KAMAISHI, Iwate -- After the Great East Japan Earthquake and tsunami in 2011, Takashi Hatooka, 38, was crushed with an overwhelming sense of helplessness. While his own house was washed away by the tsunami, he continued his job as a certified care worker, confirming the safety of his clients every day.
When he went to evacuation centers, the expertise of care workers was not well understood -- unlike that of nurses -- and he felt isolated.
The following year, however, Hatooka got the chance to study in Sweden, where methods of caring for those who care for others left an impression on him.
At the time, many care professionals from the disaster-hit areas in Japan, who continued to work even after losing their own family members and homes to the disaster, had reached their limit and were beginning to quit.
So Hatooka started a drinking gathering that could serve as a place where care professionals could both make friends and vent their frustrations. Since there were members who did not drink, when thinking about expanding the project, Hatooka got inspiration from the words of a friend and started a "Care Cafe" in 2015.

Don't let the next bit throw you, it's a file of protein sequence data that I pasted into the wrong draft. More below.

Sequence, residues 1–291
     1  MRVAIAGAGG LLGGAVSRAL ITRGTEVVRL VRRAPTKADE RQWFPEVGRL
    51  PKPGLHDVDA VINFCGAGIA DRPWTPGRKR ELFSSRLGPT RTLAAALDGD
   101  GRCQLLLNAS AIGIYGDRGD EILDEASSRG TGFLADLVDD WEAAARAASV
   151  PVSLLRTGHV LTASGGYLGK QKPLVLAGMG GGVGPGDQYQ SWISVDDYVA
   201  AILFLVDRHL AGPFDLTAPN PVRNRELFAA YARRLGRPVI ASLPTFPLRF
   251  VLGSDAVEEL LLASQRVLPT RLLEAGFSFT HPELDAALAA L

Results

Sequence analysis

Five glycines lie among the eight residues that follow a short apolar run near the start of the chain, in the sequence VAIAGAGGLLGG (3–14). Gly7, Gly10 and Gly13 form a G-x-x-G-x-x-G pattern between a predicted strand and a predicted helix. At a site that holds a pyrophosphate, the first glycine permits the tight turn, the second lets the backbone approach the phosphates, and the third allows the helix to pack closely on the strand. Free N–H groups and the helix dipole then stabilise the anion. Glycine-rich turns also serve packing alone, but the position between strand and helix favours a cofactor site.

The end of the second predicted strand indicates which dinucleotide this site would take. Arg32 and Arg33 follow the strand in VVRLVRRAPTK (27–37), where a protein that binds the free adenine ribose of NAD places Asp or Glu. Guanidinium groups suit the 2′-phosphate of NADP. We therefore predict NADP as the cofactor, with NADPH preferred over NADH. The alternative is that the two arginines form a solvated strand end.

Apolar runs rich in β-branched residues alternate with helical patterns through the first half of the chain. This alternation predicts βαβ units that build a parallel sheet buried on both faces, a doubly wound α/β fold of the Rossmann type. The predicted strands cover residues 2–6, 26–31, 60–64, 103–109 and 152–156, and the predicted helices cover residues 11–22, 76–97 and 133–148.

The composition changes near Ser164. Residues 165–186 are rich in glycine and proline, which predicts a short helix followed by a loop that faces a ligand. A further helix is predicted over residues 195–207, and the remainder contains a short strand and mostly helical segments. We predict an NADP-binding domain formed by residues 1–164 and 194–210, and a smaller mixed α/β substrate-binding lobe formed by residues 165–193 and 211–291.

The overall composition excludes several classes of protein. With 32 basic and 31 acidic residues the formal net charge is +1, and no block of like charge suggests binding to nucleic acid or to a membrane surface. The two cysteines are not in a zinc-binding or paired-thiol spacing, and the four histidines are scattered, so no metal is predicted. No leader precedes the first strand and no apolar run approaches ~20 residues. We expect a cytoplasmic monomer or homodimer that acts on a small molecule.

The cafe is a place where medical, certified care, social, and other workers in various care-related professions can gather regularly, breaking into groups of four to five people and engaging in conversation with jazz music playing in the background.
"I want the cafe to be a place where I can meet friends who want to share their thoughts and move forward together," Hatooka said.
While the motto of the cafe is to enjoy interacting with other care workers, there is another theme behind the meetings. By providing a place where people from various professions can meet face-to-face and get to know one another, the event also prepares the area to respond to future disasters. (By Hiroko Arita, Senior Writer)